Which came first: the chicken, or the egg?
It is not difficult to come up with a connection between Passover and Parshat Tzav. For it is here in Leviticus, deep in the arcane laws of the priestly sacrifices, that we reencounter a substance familiar to us from the Exodus. Every day in the Temple, we read, there were both animal sacrifices and grain sacrifices. The most basic form of the latter – the Minkhah – was partially burnt on the altar, and then the remainder was eaten by the priests, as follows:
There is something hidden in the Tabernacle.
Every so often, roaming through the world of parshanut, we come across a piece of commentary so startling, so profound, and so complex, that it demands our full attention for the week. This is such a week, and the piece in question is from one of the great works of Torah commentary of the 20th-century, the Meshech Chochmah, by Rabbi Meir Simcha of Dvinsk, Latvia.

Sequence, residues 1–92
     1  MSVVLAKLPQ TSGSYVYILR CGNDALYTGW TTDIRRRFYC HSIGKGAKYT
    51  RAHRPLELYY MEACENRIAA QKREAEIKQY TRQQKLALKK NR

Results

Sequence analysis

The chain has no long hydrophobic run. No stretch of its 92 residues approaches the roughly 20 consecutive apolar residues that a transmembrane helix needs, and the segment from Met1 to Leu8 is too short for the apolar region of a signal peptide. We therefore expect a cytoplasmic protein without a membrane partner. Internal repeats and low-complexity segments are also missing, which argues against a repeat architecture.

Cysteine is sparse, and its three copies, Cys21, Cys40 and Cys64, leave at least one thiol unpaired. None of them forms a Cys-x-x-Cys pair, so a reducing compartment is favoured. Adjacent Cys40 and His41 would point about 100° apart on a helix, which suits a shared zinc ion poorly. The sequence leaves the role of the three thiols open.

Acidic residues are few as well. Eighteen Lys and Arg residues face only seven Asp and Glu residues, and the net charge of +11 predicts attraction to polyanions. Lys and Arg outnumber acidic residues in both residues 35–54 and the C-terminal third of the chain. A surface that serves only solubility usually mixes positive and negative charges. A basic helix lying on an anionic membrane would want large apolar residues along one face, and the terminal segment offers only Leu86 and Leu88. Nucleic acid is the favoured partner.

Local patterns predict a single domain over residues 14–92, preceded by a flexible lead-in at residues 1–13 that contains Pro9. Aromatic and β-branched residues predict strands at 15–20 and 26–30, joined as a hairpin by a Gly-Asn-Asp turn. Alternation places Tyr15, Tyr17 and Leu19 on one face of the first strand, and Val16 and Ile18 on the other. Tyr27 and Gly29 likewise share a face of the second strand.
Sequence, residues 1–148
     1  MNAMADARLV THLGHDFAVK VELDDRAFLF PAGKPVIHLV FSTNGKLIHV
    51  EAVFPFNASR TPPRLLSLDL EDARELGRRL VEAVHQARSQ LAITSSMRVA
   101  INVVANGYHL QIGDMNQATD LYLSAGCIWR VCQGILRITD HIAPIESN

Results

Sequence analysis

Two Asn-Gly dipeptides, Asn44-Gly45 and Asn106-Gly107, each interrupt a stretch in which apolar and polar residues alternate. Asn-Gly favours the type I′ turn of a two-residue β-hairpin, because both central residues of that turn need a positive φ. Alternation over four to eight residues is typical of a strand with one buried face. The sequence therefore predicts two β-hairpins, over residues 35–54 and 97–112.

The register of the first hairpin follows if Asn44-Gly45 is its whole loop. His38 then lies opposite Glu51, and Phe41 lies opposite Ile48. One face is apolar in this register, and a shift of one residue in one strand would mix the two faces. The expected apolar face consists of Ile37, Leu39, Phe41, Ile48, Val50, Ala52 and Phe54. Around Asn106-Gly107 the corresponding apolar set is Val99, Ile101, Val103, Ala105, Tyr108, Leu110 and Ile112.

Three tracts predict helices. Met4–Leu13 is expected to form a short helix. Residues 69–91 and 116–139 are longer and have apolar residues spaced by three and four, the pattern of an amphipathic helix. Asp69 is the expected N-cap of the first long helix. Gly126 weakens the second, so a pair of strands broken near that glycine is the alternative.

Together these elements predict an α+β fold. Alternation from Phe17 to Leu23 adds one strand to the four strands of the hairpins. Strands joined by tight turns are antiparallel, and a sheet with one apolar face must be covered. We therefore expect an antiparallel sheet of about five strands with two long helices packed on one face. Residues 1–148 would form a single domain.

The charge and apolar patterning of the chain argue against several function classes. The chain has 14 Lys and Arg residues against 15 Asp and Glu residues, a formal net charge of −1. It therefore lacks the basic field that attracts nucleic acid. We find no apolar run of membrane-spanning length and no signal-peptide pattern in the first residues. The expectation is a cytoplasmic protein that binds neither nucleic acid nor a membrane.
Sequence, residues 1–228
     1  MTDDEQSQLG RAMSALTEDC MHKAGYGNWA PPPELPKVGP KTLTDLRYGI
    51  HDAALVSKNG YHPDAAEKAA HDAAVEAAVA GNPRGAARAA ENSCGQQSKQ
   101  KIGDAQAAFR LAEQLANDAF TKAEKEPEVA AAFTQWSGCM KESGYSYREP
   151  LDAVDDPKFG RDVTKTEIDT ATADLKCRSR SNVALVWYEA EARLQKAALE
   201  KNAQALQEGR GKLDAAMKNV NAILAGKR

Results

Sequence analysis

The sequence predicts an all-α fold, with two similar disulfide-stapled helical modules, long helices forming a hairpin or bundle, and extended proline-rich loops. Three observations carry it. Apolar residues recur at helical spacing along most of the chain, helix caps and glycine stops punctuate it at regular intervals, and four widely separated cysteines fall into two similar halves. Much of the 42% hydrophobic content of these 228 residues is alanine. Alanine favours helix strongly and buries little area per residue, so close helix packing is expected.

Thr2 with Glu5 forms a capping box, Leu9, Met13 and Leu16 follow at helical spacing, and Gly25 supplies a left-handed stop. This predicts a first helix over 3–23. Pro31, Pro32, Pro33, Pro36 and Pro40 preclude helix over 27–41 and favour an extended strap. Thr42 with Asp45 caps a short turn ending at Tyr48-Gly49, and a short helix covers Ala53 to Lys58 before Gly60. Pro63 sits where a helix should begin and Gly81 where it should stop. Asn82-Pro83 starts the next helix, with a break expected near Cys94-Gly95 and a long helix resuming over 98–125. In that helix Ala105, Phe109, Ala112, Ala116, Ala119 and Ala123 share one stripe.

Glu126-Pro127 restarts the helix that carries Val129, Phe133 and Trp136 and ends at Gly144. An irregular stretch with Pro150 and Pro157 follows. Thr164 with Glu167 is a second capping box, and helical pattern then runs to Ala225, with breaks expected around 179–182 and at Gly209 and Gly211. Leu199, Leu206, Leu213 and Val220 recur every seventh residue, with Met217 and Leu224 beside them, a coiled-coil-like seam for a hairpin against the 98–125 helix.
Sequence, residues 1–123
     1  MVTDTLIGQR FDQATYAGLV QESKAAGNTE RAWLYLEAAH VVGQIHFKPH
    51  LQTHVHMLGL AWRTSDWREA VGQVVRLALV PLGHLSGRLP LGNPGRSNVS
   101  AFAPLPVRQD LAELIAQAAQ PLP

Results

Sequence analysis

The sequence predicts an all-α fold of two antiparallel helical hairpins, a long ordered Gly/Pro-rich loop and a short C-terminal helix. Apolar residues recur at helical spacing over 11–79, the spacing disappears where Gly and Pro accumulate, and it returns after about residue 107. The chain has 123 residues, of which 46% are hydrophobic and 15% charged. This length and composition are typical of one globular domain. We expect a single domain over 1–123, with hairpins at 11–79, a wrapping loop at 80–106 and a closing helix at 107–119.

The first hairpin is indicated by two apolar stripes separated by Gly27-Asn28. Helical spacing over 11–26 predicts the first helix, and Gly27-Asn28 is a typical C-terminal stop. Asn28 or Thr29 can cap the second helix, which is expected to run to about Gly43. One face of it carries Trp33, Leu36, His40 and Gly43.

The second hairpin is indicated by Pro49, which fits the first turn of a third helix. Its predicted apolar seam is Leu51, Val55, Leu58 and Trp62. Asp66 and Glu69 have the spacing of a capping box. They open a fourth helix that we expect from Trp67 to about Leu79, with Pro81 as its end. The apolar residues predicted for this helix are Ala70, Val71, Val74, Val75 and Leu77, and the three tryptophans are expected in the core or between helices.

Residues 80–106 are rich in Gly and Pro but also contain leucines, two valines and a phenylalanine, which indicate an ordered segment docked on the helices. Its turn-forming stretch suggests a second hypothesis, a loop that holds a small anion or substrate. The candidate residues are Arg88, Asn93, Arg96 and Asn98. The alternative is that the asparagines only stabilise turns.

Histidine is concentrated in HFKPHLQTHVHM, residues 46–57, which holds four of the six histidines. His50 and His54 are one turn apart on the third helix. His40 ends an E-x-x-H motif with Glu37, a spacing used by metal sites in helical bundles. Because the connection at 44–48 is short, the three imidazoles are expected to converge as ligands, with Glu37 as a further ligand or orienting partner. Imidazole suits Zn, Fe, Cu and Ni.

I have written before about the rabbinic tradition of seeking thematic links between an upcoming holiday and the parsha that regularly precedes it. When the holiday in question also has its own special reading, then all the more so, the commentators assiduously comb the two texts, looking for connections.
Deep in the heart of God’s sanctuary, there in the Holy of Holies, stood two golden idols.
Wandering through a dense forest of laws, we come upon a witch.